[Bitcoin-development] Proposal for P2P Wireless (Bluetooth LE) transfer of Payment URI

Eric Voskuil eric at voskuil.org
Fri Feb 6 01:29:03 UTC 2015

On 02/05/2015 04:36 PM, Martin Habovštiak wrote:
> I believe, we are still talking about transactions of physical
> people in physical world. So yes, it's proximity based - people
> tell the words by mouth. :)

Notice from my original comment:

>>>> A MITM can substitute the key. If you don't have verifiable
>>>> identity associated with the public key (PKI/WoT), you need
>>>> a shared secret (such as a secret phrase).

I said this could only be accomplished using a shared secret or a
trusted public key. Exchanging a value that is derived from a pair of
public keys is a distinction without a difference. The problem remains
that the parties must have a secure/out-of-band channel for
communicating this value.

The fact that they are face-to-face establishes this channel, but that
brings us back to the original problem, as it requires manual
verification - as in visual/audible scanning of the two values for
comparison. At that point the visual comparison of the address, or some
value derived from it, is simpler.

> In case of RedPhone, you read those words verbally over not-yet-
> verified channel relying on difficulty of spoofing your voice. Also
> the app remembers the public keys, so you don't need to verify
> second time.

This is reasonable, but wouldn't help in the case of an ad-hoc
connection between parties who don't know each other well.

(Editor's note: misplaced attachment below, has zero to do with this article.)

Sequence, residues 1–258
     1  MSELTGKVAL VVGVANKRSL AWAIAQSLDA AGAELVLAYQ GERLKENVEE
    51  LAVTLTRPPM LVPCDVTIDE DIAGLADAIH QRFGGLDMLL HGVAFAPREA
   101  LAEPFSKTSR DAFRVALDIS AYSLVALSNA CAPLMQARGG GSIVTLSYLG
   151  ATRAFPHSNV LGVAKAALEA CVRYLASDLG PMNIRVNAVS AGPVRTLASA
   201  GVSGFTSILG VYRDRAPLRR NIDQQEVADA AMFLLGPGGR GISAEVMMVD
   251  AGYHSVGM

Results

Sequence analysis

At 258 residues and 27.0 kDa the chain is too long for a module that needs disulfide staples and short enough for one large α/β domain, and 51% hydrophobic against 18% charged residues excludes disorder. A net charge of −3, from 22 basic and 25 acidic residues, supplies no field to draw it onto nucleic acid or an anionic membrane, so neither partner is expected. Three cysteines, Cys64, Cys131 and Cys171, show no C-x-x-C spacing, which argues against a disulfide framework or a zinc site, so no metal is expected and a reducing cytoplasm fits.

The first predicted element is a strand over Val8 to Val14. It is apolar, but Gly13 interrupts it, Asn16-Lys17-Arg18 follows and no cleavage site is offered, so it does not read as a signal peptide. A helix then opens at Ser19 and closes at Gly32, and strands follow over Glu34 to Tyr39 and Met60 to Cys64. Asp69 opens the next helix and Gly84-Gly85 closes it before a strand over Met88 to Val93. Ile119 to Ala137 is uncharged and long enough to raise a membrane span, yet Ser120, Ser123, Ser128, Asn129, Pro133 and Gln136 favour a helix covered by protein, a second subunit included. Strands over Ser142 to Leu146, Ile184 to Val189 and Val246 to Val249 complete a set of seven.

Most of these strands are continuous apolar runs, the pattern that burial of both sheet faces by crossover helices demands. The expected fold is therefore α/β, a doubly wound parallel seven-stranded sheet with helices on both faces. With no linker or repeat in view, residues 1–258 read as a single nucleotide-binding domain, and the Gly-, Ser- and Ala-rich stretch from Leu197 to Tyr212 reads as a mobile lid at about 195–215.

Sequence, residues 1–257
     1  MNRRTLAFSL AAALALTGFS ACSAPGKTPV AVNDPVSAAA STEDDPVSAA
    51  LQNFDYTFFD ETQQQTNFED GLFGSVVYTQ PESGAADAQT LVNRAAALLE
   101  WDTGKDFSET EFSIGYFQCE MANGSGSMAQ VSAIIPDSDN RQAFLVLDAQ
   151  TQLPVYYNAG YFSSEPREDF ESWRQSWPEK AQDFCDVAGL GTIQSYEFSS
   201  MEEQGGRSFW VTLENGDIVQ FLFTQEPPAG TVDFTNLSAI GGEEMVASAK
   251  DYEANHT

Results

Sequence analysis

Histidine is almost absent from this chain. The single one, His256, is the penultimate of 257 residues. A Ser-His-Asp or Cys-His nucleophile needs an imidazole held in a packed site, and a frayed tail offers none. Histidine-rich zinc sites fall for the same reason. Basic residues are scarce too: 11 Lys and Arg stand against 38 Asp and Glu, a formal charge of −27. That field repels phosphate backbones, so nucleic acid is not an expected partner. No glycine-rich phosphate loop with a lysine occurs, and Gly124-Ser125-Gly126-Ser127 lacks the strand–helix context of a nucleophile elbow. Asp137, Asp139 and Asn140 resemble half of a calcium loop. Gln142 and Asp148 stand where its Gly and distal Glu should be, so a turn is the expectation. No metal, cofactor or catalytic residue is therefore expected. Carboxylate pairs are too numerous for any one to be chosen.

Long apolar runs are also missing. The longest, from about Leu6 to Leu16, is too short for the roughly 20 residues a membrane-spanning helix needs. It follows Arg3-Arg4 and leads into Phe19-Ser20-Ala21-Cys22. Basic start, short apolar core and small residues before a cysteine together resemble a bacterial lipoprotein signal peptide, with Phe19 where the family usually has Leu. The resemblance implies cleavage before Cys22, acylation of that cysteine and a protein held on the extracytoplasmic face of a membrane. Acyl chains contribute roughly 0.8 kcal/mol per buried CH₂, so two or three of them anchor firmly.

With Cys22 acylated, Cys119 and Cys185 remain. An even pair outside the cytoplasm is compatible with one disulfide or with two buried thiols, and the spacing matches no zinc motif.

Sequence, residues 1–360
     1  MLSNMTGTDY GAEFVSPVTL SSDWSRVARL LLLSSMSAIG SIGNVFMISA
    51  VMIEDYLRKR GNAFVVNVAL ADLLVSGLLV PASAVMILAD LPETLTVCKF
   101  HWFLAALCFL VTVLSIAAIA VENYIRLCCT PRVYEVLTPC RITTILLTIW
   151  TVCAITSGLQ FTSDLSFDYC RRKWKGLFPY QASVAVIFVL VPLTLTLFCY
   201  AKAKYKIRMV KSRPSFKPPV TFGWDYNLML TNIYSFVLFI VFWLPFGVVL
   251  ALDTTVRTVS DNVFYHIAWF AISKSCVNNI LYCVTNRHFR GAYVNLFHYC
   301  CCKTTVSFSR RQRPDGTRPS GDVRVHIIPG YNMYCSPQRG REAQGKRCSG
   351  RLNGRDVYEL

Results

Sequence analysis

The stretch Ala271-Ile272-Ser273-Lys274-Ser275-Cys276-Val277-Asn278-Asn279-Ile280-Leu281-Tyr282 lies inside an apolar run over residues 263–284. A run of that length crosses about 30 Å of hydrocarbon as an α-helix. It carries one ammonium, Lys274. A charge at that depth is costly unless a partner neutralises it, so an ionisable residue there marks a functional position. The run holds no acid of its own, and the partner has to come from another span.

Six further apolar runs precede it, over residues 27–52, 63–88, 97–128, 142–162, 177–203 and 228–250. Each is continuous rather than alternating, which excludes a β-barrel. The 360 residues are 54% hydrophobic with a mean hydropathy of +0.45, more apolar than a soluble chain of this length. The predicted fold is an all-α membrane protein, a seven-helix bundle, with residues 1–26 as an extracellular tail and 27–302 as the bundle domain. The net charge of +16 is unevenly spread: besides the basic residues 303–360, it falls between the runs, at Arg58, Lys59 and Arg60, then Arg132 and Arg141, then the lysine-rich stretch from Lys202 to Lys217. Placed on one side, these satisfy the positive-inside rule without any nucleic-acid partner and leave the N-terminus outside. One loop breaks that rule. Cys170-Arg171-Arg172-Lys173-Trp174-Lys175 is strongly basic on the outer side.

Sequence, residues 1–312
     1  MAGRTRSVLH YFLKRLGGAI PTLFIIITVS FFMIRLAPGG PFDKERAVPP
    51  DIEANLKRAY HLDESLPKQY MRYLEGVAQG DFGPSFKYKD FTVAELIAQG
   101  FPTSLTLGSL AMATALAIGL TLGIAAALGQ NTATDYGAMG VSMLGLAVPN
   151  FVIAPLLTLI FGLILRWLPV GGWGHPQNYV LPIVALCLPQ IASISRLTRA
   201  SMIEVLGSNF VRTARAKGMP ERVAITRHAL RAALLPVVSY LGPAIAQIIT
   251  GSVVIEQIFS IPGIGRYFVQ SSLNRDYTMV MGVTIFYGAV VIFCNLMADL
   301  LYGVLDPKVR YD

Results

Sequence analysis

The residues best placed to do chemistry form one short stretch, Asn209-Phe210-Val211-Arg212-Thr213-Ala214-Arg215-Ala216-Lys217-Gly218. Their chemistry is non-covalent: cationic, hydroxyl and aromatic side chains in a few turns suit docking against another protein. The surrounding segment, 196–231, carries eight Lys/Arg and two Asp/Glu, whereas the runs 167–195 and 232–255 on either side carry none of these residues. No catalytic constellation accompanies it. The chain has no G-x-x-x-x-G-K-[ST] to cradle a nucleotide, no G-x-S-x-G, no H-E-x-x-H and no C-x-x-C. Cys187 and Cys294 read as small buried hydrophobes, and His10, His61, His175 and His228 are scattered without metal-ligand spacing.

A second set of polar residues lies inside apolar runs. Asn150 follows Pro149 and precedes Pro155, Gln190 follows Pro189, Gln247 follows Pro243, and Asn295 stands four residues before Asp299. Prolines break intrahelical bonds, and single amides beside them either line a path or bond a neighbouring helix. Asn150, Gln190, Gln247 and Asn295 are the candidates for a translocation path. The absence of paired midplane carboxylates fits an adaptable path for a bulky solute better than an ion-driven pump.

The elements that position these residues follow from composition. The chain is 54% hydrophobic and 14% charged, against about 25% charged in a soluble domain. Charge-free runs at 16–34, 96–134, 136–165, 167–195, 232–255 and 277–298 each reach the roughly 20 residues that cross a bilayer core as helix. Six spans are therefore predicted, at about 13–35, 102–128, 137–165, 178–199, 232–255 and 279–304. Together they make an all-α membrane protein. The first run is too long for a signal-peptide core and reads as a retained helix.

> I suggest you to try RedPhone (called Signal on iPhone) yourself.
> It's free/open source, Internet-based and end-to-end encrypted. You
> may find it useful some day. Also I'm willing to help you with
> trying it after I wake up. (~8 hours: Send me private e-mail if
> you want to.)

I appreciate the offer. I really don't trust *any* smartphone as a
platform for secure communication/data. But encrypting on the wire does
of course shrink the attack surface and increase the attacker's cost.


> Dňa 6. februára 2015 1:22:23 CET používateľ Eric Voskuil
<eric at voskuil.org> napísal:

>> On 02/05/2015 04:04 PM, MⒶrtin HⒶboⓋštiak wrote:
>>> That's exactly what I though when seeing the RedPhone code, but after
>>> I studied the commit protocol I realized it's actually secure and
>>> convenient way to do it. You should do that too. :)
>> I was analyzing the model as you described it to me. A formal analysis
>> of the security model of a particular implementation, based on
>> inference
>>from source code, is a bit beyond what I signed up for. But I'm
>> perfectly willing to comment on your description of the model if you
>> are
>> willing to indulge me.
>>> Shortly, how it works:
>>> The initiator of the connection sends commit message containing the
>>> hash of his temporary public ECDH part, second party sends back their
>>> public ECDH part and then initiator sends his public ECDH part in
>>> open. All three messages are hashed together and the first two bytes
>>> are used to select two words from a shared dictionary which are